Acalabrutinib is a type of targeted drug called a cell signal blocker. It blocks a protein called ‘BTK’ on B cells. BTK is a part of a pathway that helps B cells to stay alive and divide. Blocking BTK can make B cells die or prevent them dividing. It is a capsule that you take by mouth every day unless your lymphoma gets worse or you develop troublesome side effects.
Results of a study published recently in the Lancet recently have shown that it could be an effective new treatment for chronic lymphocytic leukaemia (CLL).
In the ELEVATE TN trial, 535 people with CLL who had not been treated before were given either:
- acalabrutinib on its own
- acalabrutinib plus six cycles of obinutuzumab
- six cycles of chlorambucil plus obinutuzumab
The study found that after around 28 months of follow-up, people who were treated with acalabrutinib, either on its own or with obinutuzumab, had longer periods before their lymphoma got worse than people who were treated with chlorambucil plus obinutuzumab. In people who were treated with the combination of acalabrutinib and obinutuzumab, there was a 90% lower risk of lymphoma progression or death compared to people who were treated with chlorambucil plus obinutuzumab.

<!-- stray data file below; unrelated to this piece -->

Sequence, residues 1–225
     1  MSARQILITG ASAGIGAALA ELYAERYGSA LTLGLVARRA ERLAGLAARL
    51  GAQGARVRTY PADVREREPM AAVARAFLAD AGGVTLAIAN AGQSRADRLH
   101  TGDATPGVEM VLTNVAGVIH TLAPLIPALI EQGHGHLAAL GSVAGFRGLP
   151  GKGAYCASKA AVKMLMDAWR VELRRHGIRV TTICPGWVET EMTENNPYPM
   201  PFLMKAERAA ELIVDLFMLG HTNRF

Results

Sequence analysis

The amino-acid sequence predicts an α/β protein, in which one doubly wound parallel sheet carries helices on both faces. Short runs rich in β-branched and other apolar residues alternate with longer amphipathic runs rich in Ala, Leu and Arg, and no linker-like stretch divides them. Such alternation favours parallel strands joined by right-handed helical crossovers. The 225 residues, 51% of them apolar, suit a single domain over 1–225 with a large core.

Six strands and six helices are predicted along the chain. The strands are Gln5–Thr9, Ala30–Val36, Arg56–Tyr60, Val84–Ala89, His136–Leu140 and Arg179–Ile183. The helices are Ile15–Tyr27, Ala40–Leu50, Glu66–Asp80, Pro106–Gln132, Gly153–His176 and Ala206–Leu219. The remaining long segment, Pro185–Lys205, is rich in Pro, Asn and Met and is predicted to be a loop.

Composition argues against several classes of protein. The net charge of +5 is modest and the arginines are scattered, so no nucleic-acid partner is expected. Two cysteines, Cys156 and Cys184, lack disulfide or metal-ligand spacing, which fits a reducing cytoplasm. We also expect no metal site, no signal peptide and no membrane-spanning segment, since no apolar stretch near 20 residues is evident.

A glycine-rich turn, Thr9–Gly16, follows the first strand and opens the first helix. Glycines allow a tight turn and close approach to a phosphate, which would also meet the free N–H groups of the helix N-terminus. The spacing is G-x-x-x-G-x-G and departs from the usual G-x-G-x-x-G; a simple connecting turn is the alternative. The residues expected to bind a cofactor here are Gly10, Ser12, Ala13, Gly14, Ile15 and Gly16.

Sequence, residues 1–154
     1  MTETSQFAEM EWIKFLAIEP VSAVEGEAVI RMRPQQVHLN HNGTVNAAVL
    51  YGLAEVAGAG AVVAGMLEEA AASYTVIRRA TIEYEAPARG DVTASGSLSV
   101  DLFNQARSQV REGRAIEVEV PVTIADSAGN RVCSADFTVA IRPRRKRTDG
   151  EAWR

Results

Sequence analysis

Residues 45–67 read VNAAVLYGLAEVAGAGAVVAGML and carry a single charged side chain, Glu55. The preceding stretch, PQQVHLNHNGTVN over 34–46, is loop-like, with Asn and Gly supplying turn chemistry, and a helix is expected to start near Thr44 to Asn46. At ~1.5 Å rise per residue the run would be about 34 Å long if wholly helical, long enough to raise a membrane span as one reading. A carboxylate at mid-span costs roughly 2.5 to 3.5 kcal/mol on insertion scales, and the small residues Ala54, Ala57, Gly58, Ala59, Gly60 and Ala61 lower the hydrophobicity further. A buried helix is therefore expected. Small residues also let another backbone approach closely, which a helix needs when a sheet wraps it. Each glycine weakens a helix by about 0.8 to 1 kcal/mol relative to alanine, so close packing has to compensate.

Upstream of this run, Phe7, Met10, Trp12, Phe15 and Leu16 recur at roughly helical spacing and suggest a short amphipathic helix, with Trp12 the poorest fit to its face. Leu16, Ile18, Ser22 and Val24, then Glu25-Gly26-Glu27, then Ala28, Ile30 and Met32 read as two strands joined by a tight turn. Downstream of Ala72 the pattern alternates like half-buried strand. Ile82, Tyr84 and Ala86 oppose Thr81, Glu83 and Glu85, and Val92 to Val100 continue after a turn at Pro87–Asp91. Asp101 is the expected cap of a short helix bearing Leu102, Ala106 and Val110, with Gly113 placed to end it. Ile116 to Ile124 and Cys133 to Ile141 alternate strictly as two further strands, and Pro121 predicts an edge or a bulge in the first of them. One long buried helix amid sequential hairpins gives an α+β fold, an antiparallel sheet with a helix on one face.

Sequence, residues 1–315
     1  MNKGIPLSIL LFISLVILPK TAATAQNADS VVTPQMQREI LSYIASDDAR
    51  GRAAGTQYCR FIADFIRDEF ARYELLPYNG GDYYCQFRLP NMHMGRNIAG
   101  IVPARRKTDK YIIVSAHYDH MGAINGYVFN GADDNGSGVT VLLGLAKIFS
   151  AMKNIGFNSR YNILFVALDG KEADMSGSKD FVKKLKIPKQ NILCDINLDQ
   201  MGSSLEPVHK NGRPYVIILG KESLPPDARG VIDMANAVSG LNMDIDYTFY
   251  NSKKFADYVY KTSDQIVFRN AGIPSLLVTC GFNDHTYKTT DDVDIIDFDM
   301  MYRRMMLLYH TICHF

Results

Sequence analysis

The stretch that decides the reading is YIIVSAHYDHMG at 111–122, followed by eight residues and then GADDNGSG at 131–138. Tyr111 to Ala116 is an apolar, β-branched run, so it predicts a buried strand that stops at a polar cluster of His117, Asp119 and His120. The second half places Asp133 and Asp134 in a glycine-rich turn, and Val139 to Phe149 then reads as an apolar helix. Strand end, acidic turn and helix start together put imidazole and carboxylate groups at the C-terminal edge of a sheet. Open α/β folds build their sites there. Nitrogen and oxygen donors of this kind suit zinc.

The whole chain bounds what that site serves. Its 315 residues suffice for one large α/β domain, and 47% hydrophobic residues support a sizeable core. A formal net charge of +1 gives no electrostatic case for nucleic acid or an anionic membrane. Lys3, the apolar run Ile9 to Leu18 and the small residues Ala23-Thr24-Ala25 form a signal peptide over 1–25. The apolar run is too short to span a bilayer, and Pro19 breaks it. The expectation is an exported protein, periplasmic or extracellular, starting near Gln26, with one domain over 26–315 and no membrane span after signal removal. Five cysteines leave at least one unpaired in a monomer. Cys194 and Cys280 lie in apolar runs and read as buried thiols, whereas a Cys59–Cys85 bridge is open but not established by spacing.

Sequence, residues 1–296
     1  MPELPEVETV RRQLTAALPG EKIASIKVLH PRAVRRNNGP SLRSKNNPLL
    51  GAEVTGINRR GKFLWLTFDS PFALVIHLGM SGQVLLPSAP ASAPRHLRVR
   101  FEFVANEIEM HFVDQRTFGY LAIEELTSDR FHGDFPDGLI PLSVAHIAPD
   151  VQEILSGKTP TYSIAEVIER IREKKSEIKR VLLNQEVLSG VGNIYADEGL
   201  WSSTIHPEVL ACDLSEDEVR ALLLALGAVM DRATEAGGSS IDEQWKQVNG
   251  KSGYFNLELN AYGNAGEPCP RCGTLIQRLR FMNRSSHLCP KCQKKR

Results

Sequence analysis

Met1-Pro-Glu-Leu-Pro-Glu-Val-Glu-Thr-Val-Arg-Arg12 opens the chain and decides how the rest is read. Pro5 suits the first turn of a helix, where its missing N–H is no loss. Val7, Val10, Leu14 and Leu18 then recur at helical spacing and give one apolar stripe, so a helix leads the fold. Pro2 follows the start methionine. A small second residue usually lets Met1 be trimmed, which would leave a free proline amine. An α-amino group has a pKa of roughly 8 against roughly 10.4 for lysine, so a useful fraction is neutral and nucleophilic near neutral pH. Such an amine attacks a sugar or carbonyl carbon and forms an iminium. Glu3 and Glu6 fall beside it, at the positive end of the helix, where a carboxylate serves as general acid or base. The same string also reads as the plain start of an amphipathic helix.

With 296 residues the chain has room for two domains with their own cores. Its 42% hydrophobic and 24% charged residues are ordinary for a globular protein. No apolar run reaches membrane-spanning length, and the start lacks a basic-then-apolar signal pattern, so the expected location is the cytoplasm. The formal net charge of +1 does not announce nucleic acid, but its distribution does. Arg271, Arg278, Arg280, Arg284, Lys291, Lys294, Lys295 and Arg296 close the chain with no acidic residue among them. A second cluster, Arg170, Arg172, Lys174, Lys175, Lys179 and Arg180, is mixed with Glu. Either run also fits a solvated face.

The results were analysed according to whether or not people with CLL had a genetic mutation called 17p deletion. People treated with acalabrutinib, on its own or with obinutuzumab, had better outcomes than people treated with chlorambucil and obinutuzumab regardless of their mutation status.
The most common side effect in all treatment groups was a low neutrophil count (neutropenia). People treated with acalabrutinib were more likely to experience bleeding than people treated with chlormabucil plus obinutuzumab, but this was generally mild and manageable.
The study authors conclude that acalabrutinib, with or without obinutuzumab, represents a potential new, chemotherapy-free treatment option for people with CLL who have not been treated before.
17 June 2020